Source apportionment of molecular markers and organic aerosols-1. Polycyclic aromatic hydrocarbons and methodology for data visualization. Robinson, A., L.; Subramanian, R.; Donahue, N., M.; Bernardo-Bricker, A.; and Rogge, W., F. Environ. Sci. Technol., 40:7803-7810, 2006.
Source apportionment of molecular markers and organic aerosols-1. Polycyclic aromatic hydrocarbons and methodology for data visualization [link]Website  abstract   bibtex   
Individual organic compounds often referred to as molecular markers are used in conjunction with the chemical mass balance (CMB) model to apportion sources of primary organic aerosol. This paper presents a methodology to visualize molecular marker data; it allows comparison of ambient data and source profiles and allows assessment of chemical stability and aging. The method is intended to complement traditional quantitative source apportionment analysis. The core of the technique involves construction of plots of ratios of species concentrations (ratio-ratio plots) in which source profiles appear as points connected by linear mixing lines. The approach is illustrated using data collected over a 1-year period in Pittsburgh, Pennsylvania. The analysis considers for elemental carbon and a number of high molecular weight polycyclic aromatic hydrocarbons (PAHs) commonly used as molecular markers in CMB: benzo(b+j+k)fluoranthene, benzo(e) pyrene, benzo[ g, h, i] perylene, coronene, and indeno(1,2,3-cd) pyrene. In Pittsburgh, the ambient concentrations of these PAHs are higher than in other cities in the United States; they are also strongly correlated consistent with a single, dominant source. Both ratio-ratio plots and CMB analysis indicate that this source is metallurgical coke production. Although emissions from coke production dominate ambient PAH concentrations, on most study days they contributed little fine particle mass. Ratio-ratio plots are then used to investigate the feasibility of using PAHs to help differentiate between gasoline and diesel vehicle emissions. Ambient concentrations of these large PAHs provide little information on the gasoline-diesel split because of the strong influence of local emissions from coke production combined with evidence of photochemical decay of PAHs in the regional air mass. Decay of PAHs will bias estimates of the gasoline-diesel split toward diesel emissions. C1 Carnegie Mellon Univ, Dept Mech Engn, Pittsburgh, PA 15213 USA. Carnegie Mellon Univ, Dept Chem, Pittsburgh, PA 15213 USA. Carnegie Mellon Univ, Dept Chem Engn, Pittsburgh, PA 15213 USA. Florida Int Univ, Dept Divil & Environm Engn, Miami, FL 33199 USA. Florida Int Univ, Dept Civil & Environm Engn, Miami, FL 33199 USA.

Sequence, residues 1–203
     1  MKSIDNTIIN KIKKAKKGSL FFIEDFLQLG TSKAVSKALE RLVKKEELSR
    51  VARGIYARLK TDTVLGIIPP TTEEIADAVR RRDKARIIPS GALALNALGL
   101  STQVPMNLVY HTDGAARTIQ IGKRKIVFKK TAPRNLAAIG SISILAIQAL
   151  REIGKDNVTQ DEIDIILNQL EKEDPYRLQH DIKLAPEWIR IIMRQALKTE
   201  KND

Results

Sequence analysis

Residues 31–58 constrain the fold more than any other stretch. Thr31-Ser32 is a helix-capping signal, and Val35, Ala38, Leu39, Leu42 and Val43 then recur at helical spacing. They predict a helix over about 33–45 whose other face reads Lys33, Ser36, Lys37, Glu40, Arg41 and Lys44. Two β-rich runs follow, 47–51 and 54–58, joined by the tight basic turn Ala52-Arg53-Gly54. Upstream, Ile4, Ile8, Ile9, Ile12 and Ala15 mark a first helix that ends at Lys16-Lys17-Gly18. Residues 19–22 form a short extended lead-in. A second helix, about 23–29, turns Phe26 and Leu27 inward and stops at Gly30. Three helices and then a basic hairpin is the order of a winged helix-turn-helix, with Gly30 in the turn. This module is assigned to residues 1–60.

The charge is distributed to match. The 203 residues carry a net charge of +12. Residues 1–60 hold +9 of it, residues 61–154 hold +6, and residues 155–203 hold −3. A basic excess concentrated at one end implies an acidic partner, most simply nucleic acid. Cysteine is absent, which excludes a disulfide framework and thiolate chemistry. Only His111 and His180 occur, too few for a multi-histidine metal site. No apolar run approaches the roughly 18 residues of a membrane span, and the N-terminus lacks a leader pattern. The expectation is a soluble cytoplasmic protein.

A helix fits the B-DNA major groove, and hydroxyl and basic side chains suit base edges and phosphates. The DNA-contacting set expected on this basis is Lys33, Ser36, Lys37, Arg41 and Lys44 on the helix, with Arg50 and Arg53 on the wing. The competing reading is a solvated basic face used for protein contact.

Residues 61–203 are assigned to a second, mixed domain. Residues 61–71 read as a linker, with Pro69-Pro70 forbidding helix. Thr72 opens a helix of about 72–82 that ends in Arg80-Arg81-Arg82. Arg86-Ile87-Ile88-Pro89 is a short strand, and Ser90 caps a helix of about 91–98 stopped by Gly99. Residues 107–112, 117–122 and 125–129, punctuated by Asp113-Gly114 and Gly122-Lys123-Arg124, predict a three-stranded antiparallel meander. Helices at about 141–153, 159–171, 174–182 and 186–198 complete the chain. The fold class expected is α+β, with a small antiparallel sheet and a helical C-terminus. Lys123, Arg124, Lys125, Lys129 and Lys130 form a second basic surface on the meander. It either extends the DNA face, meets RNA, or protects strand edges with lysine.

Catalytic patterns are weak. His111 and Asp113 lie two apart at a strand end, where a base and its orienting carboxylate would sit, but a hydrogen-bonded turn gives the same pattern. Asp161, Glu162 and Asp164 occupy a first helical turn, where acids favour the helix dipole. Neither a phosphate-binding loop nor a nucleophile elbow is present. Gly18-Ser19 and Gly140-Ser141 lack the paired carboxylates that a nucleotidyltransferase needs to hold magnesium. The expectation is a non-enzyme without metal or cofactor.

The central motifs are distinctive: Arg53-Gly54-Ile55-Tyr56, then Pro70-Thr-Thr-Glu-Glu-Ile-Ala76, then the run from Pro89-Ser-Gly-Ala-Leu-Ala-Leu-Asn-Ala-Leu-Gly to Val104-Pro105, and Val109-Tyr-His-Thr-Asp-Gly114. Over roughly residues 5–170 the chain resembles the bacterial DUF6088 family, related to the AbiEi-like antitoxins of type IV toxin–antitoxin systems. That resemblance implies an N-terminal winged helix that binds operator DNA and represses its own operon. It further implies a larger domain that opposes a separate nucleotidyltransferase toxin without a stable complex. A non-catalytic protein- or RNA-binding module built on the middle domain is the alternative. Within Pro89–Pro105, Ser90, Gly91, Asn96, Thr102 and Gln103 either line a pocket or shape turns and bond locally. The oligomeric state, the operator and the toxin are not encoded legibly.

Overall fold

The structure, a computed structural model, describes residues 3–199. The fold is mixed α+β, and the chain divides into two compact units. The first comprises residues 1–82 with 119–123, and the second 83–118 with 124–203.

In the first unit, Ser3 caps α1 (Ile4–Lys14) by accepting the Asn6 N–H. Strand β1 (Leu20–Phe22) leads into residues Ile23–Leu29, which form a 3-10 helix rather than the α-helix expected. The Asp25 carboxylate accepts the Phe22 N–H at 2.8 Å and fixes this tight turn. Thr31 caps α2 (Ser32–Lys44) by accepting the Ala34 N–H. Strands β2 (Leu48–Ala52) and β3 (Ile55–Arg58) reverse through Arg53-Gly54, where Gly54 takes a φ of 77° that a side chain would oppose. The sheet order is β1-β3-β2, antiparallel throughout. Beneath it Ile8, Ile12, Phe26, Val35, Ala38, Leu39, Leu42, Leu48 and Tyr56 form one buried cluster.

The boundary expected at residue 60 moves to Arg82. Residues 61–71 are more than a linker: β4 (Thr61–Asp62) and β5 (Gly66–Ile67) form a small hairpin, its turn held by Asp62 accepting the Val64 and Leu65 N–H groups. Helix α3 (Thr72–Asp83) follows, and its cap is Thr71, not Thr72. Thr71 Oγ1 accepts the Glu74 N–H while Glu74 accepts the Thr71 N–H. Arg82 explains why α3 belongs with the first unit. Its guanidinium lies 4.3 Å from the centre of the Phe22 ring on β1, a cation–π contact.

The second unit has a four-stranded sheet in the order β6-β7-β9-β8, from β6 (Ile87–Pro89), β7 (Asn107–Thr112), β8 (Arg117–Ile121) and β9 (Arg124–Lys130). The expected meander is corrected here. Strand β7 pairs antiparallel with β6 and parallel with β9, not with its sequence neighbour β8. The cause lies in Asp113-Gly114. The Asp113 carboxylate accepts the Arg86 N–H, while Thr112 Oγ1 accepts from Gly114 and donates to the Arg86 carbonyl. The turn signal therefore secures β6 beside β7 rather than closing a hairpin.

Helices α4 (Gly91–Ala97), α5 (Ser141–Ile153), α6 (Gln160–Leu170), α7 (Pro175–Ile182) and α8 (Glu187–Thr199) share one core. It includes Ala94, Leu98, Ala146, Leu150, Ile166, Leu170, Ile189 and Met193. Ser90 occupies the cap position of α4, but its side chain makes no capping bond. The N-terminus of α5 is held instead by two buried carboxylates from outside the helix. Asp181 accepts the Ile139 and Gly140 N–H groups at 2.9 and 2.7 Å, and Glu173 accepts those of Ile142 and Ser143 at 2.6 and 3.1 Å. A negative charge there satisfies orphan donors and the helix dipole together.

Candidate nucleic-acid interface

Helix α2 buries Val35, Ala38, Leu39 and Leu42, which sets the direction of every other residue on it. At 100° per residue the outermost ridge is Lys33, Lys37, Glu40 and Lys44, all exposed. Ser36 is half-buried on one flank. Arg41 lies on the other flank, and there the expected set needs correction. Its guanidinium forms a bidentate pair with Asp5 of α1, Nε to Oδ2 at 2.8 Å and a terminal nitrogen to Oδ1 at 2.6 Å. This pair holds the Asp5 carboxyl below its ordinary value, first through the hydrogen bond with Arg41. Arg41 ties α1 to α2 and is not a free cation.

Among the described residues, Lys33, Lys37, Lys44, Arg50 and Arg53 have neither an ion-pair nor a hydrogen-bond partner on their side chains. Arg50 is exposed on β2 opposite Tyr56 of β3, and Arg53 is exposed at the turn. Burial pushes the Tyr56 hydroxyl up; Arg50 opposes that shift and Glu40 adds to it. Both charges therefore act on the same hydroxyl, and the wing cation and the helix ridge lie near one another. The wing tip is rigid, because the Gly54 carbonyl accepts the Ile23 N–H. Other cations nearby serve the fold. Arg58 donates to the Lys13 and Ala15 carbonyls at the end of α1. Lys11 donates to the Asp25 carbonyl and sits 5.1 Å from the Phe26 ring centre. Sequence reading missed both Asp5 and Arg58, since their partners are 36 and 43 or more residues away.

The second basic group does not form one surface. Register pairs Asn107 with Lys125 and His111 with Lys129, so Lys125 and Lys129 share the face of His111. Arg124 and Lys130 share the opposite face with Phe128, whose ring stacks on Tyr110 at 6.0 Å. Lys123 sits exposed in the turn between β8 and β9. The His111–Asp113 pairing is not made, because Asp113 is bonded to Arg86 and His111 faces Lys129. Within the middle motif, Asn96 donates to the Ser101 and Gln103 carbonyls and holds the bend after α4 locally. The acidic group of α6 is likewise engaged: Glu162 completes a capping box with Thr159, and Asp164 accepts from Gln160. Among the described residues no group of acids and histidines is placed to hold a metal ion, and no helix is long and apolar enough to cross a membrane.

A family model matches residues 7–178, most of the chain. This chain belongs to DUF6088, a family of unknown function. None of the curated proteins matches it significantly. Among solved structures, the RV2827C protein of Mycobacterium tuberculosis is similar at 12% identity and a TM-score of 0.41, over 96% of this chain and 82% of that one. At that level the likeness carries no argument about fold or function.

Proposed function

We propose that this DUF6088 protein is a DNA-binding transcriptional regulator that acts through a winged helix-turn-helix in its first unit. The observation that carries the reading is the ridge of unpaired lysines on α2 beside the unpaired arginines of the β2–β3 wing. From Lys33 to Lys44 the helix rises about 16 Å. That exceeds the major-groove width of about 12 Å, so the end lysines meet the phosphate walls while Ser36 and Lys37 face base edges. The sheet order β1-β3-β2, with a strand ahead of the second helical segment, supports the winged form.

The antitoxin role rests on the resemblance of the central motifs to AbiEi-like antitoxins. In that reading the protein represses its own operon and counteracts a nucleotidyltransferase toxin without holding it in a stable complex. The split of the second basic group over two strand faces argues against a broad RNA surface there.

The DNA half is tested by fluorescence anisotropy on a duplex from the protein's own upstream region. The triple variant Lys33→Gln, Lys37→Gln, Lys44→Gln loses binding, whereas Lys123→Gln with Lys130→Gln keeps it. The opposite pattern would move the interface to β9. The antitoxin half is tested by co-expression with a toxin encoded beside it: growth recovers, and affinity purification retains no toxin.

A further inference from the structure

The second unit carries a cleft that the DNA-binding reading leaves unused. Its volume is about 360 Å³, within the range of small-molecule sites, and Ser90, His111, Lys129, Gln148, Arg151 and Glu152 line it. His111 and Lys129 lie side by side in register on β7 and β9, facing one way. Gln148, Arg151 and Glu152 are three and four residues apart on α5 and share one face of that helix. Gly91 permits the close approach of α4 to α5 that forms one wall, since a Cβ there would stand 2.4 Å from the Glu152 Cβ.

@article{
 title = {Source apportionment of molecular markers and organic aerosols-1. Polycyclic aromatic hydrocarbons and methodology for data visualization},
 type = {article},
 year = {2006},
 identifiers = {[object Object]},
 pages = {7803-7810},
 volume = {40},
 websites = {http://dx.doi.org/10.1021/es0510414},
 id = {c5845dc1-61de-313e-a53a-178b2ee536b1},
 created = {2014-10-08T16:28:18.000Z},
 file_attached = {false},
 profile_id = {363623ef-1990-38f1-b354-f5cdaa6548b2},
 group_id = {02267cec-5558-3876-9cfc-78d056bad5b9},
 last_modified = {2017-03-14T17:32:24.802Z},
 read = {false},
 starred = {false},
 authored = {false},
 confirmed = {true},
 hidden = {false},
 citation_key = {Robinson:EST:2006a},
 source_type = {article},
 private_publication = {false},
 abstract = {Individual organic compounds often referred to as
molecular markers are used in conjunction with the chemical mass
balance (CMB) model to apportion sources of primary organic
aerosol. This paper presents a methodology to visualize molecular
marker data; it allows comparison of ambient data and source
profiles and allows assessment of chemical stability and aging. The
method is intended to complement traditional quantitative source
apportionment analysis. The core of the technique involves
construction of plots of ratios of species concentrations
(ratio-ratio plots) in which source profiles appear as points
connected by linear mixing lines. The approach is illustrated using
data collected over a 1-year period in Pittsburgh, Pennsylvania.
The analysis considers for elemental carbon and a number of high
molecular weight polycyclic aromatic hydrocarbons (PAHs) commonly
used as molecular markers in CMB: benzo(b+j+k)fluoranthene,
benzo(e) pyrene, benzo[ g, h, i] perylene, coronene, and
indeno(1,2,3-cd) pyrene. In Pittsburgh, the ambient concentrations
of these PAHs are higher than in other cities in the United States;
they are also strongly correlated consistent with a single,
dominant source. Both ratio-ratio plots and CMB analysis indicate
that this source is metallurgical coke production. Although
emissions from coke production dominate ambient PAH concentrations,
on most study days they contributed little fine particle mass.
Ratio-ratio plots are then used to investigate the feasibility of
using PAHs to help differentiate between gasoline and diesel
vehicle emissions. Ambient concentrations of these large PAHs
provide little information on the gasoline-diesel split because of
the strong influence of local emissions from coke production
combined with evidence of photochemical decay of PAHs in the
regional air mass. Decay of PAHs will bias estimates of the
gasoline-diesel split toward diesel emissions.
C1 Carnegie Mellon Univ, Dept Mech Engn, Pittsburgh, PA 15213 USA.
Carnegie Mellon Univ, Dept Chem, Pittsburgh, PA 15213 USA. Carnegie
Mellon Univ, Dept Chem Engn, Pittsburgh, PA 15213 USA. Florida Int
Univ, Dept Divil & Environm Engn, Miami, FL 33199 USA. Florida Int
Univ, Dept Civil & Environm Engn, Miami, FL 33199 USA.},
 bibtype = {article},
 author = {Robinson, A L and Subramanian, R and Donahue, N M and Bernardo-Bricker, A and Rogge, W F},
 journal = {Environ. Sci. Technol.}
}
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